2023 Before Modernism: Inventing American Lyric (Princeton University Press)

The Lyric Theory Reader (with Yopie Prins) (Johns Hopkins University Press)

2010 On Periodization: Selected Papers from the English Institute, 2008 (ACLS Humanities E-Book)

2005 Dickinson’s Misery: A Theory of Lyric Reading (Princeton University Press)
Christian Gauss Award, Phi Beta Kappa
Modern Language Association Prize for a First Book

Journal Articles and Book Chapters (Selected)

2022 “Apostrophe, Animation, and Racism” Critical Inquiry, Vol. 48 Issue 4, Summer, 652-675

2022 “Old Lyric Things,” What Kind of Thing is a Medieval Lyric? ed. Nicholas Watson and Cristina Cervone. Philadelphia: University of Pennsylvania Press.

“Historical Poetics and the Dream of Interpretation: A Response to Paul Fry, Modern Language Quarterly, 81:3 (September 2020), 289-318.

2019 "Poe's Common Meter," in The Oxford Handbook of Edgar Allan Poe, ed. J.Gerald Kennedy and Scott Peeples (Oxford: Oxford University Press, 2019), 121-139.

2019 “The Cadence of Consent: Francis Barton Gummere, Lyric Rhythm, and White Poetics,” in Critical Rhythm: The Poetics of a Literary Life Form (New York:Fordham University Press, 2019), 87-106.

2018 “’Our Poets’: William Cullen Bryant and the White Romantic Lyric,” New Literary History, 49:4 (Autumn 2018), 521-551.

2016 “American Romanticism, Again,” Studies in Romanticism, 55 (Fall 2016), 319-346.

2016 “Specters of the Ballad,” Nineteenth-Century Literature, Vol. 71, No. 2, 176-196.

2014 “Longfellow in His Time,” Chapter 11 of The Cambridge History of American Poetry, ed. Alfred Bendixon and Stephen Burt (Cambridge: Cambridge University Press), 238-259.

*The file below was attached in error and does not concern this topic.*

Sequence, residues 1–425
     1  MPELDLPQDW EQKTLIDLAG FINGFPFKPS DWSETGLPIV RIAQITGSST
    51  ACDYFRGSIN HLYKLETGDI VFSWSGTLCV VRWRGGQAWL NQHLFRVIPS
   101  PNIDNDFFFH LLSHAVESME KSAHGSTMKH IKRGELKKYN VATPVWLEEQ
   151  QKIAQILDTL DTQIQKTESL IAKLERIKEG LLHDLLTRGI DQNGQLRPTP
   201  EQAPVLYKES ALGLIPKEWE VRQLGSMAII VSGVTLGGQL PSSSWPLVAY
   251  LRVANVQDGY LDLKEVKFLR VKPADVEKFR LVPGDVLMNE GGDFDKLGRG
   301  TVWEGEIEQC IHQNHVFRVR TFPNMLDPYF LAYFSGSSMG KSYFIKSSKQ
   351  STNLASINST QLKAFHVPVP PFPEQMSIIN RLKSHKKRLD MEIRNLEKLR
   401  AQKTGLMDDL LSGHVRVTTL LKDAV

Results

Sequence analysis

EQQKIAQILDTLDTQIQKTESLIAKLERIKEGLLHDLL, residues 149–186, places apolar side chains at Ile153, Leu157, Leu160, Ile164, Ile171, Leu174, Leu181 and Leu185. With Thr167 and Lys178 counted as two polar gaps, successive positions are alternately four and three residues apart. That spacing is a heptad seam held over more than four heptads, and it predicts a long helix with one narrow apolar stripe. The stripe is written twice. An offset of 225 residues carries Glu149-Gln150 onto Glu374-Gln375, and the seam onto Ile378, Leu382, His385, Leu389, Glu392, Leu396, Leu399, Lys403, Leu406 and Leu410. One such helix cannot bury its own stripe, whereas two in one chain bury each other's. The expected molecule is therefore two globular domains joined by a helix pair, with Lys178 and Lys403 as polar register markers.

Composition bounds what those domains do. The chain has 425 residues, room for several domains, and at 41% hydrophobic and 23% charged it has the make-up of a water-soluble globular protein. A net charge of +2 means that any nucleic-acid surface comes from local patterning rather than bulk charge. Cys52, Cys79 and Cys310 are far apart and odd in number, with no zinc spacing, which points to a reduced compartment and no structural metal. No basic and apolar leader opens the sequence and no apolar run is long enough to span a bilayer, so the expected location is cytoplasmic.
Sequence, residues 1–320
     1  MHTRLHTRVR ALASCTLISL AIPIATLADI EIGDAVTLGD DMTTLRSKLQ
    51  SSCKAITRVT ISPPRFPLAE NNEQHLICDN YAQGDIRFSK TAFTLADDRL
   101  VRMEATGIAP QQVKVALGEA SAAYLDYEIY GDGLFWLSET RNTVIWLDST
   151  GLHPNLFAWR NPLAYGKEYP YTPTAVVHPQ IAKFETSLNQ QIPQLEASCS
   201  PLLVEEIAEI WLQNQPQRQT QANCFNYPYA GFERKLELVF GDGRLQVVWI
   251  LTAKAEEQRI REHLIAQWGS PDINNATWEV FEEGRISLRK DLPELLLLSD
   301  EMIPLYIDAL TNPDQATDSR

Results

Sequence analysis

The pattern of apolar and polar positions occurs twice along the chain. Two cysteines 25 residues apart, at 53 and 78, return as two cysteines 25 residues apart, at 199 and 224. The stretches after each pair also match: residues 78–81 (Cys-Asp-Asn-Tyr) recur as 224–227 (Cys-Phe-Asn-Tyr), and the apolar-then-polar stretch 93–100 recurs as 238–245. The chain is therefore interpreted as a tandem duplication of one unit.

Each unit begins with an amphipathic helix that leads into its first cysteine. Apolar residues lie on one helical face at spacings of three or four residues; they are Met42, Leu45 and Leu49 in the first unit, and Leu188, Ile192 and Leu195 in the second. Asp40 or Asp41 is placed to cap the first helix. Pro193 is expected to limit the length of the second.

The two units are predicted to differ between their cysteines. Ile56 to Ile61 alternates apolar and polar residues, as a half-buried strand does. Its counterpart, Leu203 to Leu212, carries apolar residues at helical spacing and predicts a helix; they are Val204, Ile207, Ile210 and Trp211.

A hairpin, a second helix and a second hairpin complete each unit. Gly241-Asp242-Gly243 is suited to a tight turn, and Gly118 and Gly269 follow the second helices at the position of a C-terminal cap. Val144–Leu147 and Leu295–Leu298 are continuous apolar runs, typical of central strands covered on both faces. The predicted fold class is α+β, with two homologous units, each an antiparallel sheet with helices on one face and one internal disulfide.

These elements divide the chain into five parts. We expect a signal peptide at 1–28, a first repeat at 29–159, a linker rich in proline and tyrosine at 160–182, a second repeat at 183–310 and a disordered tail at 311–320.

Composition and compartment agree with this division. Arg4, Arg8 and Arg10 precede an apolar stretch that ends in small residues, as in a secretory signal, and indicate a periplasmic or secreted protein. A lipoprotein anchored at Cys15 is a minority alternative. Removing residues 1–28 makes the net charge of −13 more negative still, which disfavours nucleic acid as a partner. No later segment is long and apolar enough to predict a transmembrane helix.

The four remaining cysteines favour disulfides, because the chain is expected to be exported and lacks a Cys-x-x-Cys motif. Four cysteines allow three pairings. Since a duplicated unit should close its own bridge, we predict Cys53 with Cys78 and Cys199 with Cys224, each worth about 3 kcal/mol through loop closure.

2012 “The Poet as Poetess,” The Cambridge Companion to Nineteenth-Century American Poetry, ed. Kerry Larson (Cambridge: Cambridge University Press),54-76.

2012 “Lyric,” The Princeton Encyclopedia of Poetry and Poetics. Fourth Edition, ed.Roland Greene, et. al. (Princeton: Princeton University Press), 826-834.

2010 “Periodization and its Discontents,” Introduction to On Periodization: Selected Papers from the English Institute, 2008

2008 “Thinking Dickinson Thinking Poetry,” in The Blackwell Companion to EmilyDickinson, ed. Mary Loeffelholz and Martha Nell Smith (Blackwell Publishing), 205-221.

2008 “Bryant; or, American Romanticism,” in The Traffic in Poems: Nineteenth-Century Poetry and Transatlantic Exchange, ed. Meredith McGill (Rutgers
University Press, 2008), 185-204.

2008 “Who Reads Poetry?” PMLA, vol. 123, no. 2, January, 181-187.

2008 “The Story of Boon; or, Parables of the Poetess,” ESQ: A Journal of the American Renaissance , vol. 54, nos. 1-4, December, 240-268.

2005. “American Victorian Poetry: The Transatlantic Poetic,” Victorian Poetry, 43:2, Summer (Virginia Jackson, Guest Editor), 157-164.

2005 “Dickinson Undone,” Raritan (Spring), Vol. XXIV, Number 4, 128-148.

2000 “Poetry and Experience,” Raritan (Fall), Vol. XX, Number 2., 126-135.

2000 “Poe, Longfellow, and the Institution of Poetry,” Poe Studies. Vol. 33, numbers 1
and 2, 23-28.

Reviews and Public Writing:

2021 "Triptych for Lauren," Critical Inquiry Blog, July 19, 2021

2021 “How Does It Feel to Be a Problem?” The Georgia Review, Spring 2021

2021 “The Poetry of the Past” (with Meredith Martin), Avidly, Los Angeles Review of
Books, February 18

2021 “The Poetry of the Future” (with Meredith Martin), Avidly, Los Angeles Review of
Books, January

2015 “The Function of Criticism at the Present Time,” Los Angeles Review of Books,
April 12

2011 "Please Don't Call It History"
National Endowment for the Humanities, 2011-2012